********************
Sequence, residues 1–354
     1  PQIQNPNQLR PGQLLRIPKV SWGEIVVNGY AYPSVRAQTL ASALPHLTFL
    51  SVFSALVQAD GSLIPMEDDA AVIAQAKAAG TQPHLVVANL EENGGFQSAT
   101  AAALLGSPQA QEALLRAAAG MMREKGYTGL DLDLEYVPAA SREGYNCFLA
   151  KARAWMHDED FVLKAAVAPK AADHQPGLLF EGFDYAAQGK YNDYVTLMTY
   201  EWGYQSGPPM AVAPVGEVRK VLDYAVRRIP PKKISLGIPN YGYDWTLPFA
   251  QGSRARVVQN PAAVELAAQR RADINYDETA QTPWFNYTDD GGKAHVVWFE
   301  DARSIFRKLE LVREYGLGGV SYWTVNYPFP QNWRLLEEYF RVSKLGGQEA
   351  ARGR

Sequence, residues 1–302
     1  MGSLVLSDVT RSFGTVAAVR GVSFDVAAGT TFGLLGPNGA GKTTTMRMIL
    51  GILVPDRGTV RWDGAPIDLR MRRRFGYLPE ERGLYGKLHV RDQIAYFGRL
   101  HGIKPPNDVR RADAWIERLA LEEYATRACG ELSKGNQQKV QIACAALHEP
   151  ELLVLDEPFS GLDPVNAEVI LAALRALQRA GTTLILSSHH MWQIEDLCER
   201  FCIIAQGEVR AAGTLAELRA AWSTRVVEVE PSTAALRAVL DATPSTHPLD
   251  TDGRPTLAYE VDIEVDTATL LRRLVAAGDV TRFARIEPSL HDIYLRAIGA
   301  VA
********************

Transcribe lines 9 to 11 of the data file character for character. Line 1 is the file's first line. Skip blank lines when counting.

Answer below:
   351  ARGR

Sequence, residues 1–302
     1  MGSLVLSDVT RSFGTVAAVR GVSFDVAAGT TFGLLGPNGA GKTTTMRMIL